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In the midst of the night—
you put your lips to the bare
of my back.
When your mouth is agape
it’s the start to a cave,
the shape of an opal—
Inside your mouth
lives something to say, though
you don’t say it. We live this way.
Your hand grabs
at my thigh, my hip. You sleep
and I wake—
I think in the night, before
the blankness takes back over:
Lover this, lover that. Opulent
gossip, circulates, through
the institutional hallway.
I see a crow: crow! I say.
Nobody cares. Which is more
than fine— there’s a note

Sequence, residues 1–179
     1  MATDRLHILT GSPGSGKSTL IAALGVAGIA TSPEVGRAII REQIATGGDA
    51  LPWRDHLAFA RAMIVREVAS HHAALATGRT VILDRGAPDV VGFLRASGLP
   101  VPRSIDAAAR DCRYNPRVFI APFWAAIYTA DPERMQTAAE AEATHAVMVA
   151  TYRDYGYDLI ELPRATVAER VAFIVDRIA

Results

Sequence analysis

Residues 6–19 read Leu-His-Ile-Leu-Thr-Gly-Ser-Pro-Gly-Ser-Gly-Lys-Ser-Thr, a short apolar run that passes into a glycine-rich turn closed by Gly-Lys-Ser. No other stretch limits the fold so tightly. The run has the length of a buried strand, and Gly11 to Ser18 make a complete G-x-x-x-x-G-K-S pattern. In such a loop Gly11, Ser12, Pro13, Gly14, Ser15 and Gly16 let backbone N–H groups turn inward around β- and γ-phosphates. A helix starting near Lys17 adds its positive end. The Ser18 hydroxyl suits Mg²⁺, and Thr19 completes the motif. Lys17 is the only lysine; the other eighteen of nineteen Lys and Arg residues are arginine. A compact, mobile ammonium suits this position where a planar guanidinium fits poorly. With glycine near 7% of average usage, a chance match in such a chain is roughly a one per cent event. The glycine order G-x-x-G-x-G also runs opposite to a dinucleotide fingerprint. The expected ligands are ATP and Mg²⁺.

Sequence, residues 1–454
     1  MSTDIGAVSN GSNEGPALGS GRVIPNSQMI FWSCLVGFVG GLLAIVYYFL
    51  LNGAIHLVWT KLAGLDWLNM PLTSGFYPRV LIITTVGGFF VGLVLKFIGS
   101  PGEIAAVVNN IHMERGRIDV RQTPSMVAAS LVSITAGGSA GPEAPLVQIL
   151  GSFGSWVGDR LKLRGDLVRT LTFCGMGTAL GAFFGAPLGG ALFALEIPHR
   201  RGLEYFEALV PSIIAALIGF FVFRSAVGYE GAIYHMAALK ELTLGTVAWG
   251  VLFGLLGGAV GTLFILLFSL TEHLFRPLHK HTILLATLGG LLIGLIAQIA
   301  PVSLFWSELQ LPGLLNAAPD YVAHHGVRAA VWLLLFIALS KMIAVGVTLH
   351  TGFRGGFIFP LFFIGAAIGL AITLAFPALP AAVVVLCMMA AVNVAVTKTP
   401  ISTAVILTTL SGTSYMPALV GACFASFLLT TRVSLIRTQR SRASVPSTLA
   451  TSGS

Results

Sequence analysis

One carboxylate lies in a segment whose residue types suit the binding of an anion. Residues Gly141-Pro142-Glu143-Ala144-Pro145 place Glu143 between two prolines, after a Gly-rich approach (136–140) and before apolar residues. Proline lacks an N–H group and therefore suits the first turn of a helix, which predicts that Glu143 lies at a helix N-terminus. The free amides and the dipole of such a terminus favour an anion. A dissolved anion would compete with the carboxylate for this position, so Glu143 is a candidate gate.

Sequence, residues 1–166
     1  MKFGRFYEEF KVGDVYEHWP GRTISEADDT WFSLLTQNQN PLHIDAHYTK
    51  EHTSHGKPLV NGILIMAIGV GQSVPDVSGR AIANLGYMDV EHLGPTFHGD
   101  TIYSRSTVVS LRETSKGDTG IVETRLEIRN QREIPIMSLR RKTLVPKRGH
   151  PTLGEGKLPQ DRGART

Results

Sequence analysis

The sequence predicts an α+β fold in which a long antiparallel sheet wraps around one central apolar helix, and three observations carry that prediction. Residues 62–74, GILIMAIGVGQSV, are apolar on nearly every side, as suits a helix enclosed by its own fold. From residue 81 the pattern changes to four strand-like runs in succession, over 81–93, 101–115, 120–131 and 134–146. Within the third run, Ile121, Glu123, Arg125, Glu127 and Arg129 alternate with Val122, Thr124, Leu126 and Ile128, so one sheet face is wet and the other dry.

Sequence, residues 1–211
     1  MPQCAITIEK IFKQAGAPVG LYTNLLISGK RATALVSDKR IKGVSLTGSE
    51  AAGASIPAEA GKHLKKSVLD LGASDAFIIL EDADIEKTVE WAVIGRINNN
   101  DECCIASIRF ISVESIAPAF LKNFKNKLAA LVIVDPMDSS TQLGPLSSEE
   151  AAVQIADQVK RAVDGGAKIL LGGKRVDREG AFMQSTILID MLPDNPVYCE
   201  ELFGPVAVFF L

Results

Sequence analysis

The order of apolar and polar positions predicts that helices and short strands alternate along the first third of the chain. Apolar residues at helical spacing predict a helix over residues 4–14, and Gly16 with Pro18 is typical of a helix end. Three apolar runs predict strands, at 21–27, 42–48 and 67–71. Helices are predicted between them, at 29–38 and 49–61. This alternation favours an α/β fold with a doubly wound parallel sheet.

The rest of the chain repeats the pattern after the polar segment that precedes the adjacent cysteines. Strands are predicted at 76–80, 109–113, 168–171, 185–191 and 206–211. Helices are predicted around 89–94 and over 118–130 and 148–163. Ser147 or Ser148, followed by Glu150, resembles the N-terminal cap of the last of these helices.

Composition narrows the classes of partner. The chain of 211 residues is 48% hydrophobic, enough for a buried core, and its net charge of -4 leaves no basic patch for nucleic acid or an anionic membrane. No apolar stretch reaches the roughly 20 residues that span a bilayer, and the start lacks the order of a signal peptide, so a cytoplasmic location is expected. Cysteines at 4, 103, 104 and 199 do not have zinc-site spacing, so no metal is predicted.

on my desk, reads: I’d steal a horse
for this
. For this? I think.
Good God! Hazard Adams is
droning on about Blake’s
“thoughtless hand” being somehow
mechanic— like the seasons,
the planets. Can the universe
be mechanic? It bothers me.
Anyways, your
thoughtless hand— brushes
across my breast, the breast
I hate. Except you don’t
kill me in this poem— If I am
the fly, then I survive. Survive?
There’s something about me
that is falling fast asleep.
If the universe decides to take me—
I hope it swallows me whole.

return to ISSUE THREE

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